Historically poor week for the NFL

SATBIR SINGH

“I’m sorry.” Those seem to be the words uttered one too many times this week in the NFL. The league and Commissioner Roger Goodell had one of the worst weeks in recent memory. A couple of the NFL’s most talented running backs, Ray Rice and Adrian Peterson, highlighted the headlines negatively. The Commissioner is taking criticism for the way he handled the situations, mostly on the Rice issue.

Rice was ready to enter his eighth season with the Baltimore Ravens before he was released by the team and suspended indefinitely by the NFL for a video that was leaked by TMZ. The footage showed Rice, and his then fiancé Janay Palmer fighting verbally before both entering an elevator, which led to Palmer taking a step towards Rice—who quickly retaliated by punching Palmer, knocking her out.

Earlier this year, the NFL suspended Rice for the first two games of the season for domestic violence. Goodell said in a statement that the NFL had not seen the video of Rice punching his fiancée until TMZ released the video on September 8. According to TMZ they received the video with one phone call, making it difficult to understand how the NFL was not able to retrieve that same video.

“I got it wrong in the handling of the (Rice) matter. I am sorry for that,” Goodell said in his first press conference since the incident surfaced. “I got it wrong on a number of levels – from the process that I led to the decision I reached. But now I will get it right.”

Goodell is trying to better the situation with former FBI Director Robert Mueller, who will conduct an independent investigation to answer questions raised about the NFL’s process in reviewing Rice’s conduct. Goodell also plans to create programs to help educate players and everyone involved in the NFL with domestic violence and sexual assault.

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Rice and the NFL Players Association plan to appeal Rice’s indefinite suspension, while Goodell tries to reshape his image in front of the media, fans and his own league. Goodell and the league hired four women this past week to address domestic violence for the NFL.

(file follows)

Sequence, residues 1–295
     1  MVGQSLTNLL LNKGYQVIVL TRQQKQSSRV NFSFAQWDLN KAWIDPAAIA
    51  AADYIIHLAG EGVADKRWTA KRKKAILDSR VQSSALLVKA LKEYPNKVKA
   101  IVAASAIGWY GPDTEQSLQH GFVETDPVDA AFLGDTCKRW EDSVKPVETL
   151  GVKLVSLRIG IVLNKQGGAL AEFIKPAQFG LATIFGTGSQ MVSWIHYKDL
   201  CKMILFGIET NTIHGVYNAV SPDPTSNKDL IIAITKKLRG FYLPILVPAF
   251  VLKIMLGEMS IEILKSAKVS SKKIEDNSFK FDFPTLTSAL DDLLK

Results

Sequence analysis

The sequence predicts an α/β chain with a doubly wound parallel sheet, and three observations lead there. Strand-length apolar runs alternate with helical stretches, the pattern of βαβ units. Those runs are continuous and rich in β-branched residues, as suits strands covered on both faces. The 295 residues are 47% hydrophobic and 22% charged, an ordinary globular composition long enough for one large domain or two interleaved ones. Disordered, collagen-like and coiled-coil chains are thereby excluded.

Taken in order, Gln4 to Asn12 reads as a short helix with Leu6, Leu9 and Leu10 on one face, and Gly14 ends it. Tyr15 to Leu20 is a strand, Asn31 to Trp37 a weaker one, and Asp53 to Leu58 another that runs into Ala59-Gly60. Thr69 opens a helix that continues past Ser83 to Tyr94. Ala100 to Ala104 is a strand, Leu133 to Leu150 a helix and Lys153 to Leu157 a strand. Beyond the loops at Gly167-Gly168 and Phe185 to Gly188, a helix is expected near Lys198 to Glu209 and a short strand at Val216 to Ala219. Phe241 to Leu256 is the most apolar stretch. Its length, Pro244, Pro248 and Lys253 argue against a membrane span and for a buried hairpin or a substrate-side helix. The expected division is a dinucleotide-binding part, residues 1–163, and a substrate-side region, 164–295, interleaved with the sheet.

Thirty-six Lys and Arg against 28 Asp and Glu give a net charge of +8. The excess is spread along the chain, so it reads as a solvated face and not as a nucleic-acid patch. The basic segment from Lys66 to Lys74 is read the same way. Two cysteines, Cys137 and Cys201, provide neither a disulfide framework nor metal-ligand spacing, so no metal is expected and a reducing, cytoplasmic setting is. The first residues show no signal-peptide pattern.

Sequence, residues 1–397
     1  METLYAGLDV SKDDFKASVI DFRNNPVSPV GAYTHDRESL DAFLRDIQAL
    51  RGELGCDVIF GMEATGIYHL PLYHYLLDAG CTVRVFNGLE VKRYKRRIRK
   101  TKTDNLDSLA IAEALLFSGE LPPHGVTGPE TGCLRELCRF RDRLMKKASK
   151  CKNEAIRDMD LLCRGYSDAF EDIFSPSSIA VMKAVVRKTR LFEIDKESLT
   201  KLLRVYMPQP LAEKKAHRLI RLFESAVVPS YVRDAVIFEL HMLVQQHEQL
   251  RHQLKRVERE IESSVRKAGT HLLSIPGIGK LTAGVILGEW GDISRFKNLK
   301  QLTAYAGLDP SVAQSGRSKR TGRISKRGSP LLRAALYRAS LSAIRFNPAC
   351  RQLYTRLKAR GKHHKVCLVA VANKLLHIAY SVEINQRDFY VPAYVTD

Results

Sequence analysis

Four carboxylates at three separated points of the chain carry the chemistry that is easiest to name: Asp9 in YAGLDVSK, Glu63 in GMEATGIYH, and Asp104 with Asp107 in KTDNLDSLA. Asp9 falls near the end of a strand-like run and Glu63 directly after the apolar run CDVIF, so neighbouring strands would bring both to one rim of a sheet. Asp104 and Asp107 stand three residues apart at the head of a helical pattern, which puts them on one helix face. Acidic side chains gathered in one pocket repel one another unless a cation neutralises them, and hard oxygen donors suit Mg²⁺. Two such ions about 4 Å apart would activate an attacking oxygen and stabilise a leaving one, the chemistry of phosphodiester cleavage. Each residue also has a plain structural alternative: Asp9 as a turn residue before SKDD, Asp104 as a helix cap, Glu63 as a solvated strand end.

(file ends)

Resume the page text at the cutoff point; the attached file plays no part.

Adrian Peterson’s situation is a little less dramatic for the league, and more on Peterson and the Minnesota Vikings. Peterson was charged for one count of reckless or negligent injury to a child. He reportedly disciplined his son earlier this year with the use of a switch, leading to bloody injuries.

The Vikings did suspend Peterson, but later reinstated their star running back. That led to an uproar among media, fans and even politicians. Two days later Peterson was placed on the exempt list – meaning he is not allowed to participate in any team activates, but will still be paid. Therefore, a paid vacation for Peterson until his off-field issues are resolved in court.

Neither of these two stories, Rice and Peterson, have a conclusion coming anytime soon. The decision on Rice’s appeal will come in the next couple weeks. Peterson could be spending close to two years in court, while Goodell focuses in on recreating his and the NFL’s image without losing sponsors. Goodell elects to tip-toe around this mess, and the NFL season continues to not miss a step.

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